Proctored exams have fallen to generative AI

A Turkish university candidate was recently arrested after being caught using an AI-powered system to obtain answers to the entrance exam in real-time.

Source: Student Caught Using Artificial Intelligence to Cheat on University Entrance Test Students wired up to a computer while taking their exams

A couple of years ago (and a few times since) I observed that proctored exams offer no meaningful defence against generative AI so I am a little surprised it has taken so long for someone to be caught doing this. I guess that others have been more careful.

The candidate used a simple and rather obvious set-up: a camera disguised as a shirt button that was used to read the questions, a router hidden in a hollowed-out shoe linking to a stealthily concealed mobile device that queried a generative AI (likely ChatGPT-powered) that fed the answers back verbally to an in-ear bluetooth earpiece. Constructing such a thing would take a little ingenuity but it’s not rocket science. It’s not even computer science. Anyone could do this. It would take some skill to make it work well, though, and that may be the reason this attempt went wrong. The candidate was caught as a result of their suspicious behaviour, not because anyone directly noticed the tech. I’m trying to imagine the interface, how the machine would know which question to answer (did the candidate have to point their button in the right direction?), how they dealt with dictating the answers at a usable speed (what if they needed it to be repeated? Did they have to tap a microphone a number of times?), how they managed sequence and pacing (sub-vocalization? moving in a particular way?). These are soluble problems but they are not trivial, and skill would be needed to make the whole thing seem natural.

It may take a little while for this to become a widespread commodity item (and a bit longer for exam-takers to learn to use it unobtrusively), but I’m prepared to bet that someone is working on it, if it is not already available. And, yes, exam-setters will come up with a counter-technology to address this particular threat (scanners? signal blockers? Forcing students to strip naked?) but the cheats will be more ingenious, the tech will improve, and so it will go on, in an endless and unwinnable arms race.

Very few people cheat as a matter of course. This candidate was arrested – exam cheating is against the law in Turkey – for attempting to solve the problem they were required to solve, which was to pass the test, not to demonstrate their competence. The level of desperation that led to them adopting such a risky solution to the problem is hard to imagine, but it’s easy to understand how high the stakes must have seemed and how strong the incentive to succeed must have been. The fact that, in most societies, we habitually inflict such tests on both children and adults, on an unimaginably vast scale, will hopefully one day be seen as barbaric, on a par with beating children to make them behave. They are inauthentic, inaccurate, inequitable and, most absurdly of all, a primary cause of the problem they are designed to solve. We really do need to find a better solution.

Note on the post title: the student was caught so, as some have pointed out,  it would be an exaggeration to say that this one case is proof that proctored exams have fallen to generative AI, but I think it is a very safe assumption that this is not a lone example. This is a landmark case because it provides the first direct evidence that this is happening in the wild, not because it is the first time it has ever happened.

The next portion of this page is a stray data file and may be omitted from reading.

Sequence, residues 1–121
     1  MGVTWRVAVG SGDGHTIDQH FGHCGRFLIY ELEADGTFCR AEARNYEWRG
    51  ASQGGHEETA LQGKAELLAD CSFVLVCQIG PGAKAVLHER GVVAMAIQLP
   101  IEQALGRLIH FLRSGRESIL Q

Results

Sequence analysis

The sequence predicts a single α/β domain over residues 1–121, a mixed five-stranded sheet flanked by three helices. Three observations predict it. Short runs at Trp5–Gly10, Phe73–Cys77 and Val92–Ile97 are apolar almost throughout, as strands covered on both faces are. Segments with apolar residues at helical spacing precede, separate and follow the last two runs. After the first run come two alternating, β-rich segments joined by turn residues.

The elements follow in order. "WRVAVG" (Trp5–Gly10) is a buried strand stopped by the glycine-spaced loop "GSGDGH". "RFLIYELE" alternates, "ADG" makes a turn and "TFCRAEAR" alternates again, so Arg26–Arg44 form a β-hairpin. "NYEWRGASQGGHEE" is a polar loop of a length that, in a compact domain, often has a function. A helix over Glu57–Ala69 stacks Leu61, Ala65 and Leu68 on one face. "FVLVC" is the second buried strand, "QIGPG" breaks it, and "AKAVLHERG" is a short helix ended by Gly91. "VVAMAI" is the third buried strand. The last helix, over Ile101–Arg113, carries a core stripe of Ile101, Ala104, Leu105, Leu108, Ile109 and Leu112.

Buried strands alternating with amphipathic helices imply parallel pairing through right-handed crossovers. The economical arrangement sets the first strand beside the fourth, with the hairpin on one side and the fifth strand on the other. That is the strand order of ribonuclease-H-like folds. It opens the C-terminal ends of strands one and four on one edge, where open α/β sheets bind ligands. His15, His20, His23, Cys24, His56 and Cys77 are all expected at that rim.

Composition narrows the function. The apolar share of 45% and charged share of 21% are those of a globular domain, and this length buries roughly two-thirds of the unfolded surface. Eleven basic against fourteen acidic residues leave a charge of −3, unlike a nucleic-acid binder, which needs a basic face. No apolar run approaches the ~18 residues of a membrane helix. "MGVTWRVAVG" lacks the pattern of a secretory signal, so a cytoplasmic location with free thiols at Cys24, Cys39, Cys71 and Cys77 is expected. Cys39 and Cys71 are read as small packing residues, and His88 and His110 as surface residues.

I am a professional learner, employed as a Full Professor and Associate Dean, Learning & Assessment, at Athabasca University, where I research lots of things broadly in the area of learning and technology, and I teach mainly in the School of Computing & Information Systems. I am a proud Canadian, though I was born in the UK. I am married, with two grown-up children, and three growing-up grandchildren. We all live in beautiful Vancouver.

2 Comments on Proctored exams have fallen to generative AI

  1. Proctored exams can counter generative AI, but the measures needed are a little extreme. You need to place the student in a Faraday Cage: line the room with metal mesh to stop radio waves penetrating. Even this may not be sufficient, if the student has a standalone device with the AI running on it (not needing a remote server).

    I understand the temptation to cheat, as someone who gets anxious in exams, and so goes to extreme lengths to avoid them. I will select courses, and whole programs, because they don’t have exams. Where exams are unavoidable, I will calculate how much I have to get in the other assessment so I do not have to sit the test to pass.

    Around the time I decided I would give no more lectures, I decided that I would set no more exams. This was for much the same reasons: I did not like doing them, did not like setting them, and did not think they were effective. There are other ways to assess students, which I have been using for more than a decade.

    Also part of this is about giving up the idea we can measure student’s performance to two decimal places. If you only have to put students in a few categories, then there is less temptation to use exams with spurious 100 point scales.

    1. Jon Dron says:

      Excellent, Tom – I could not agree more! Thanks for the link.

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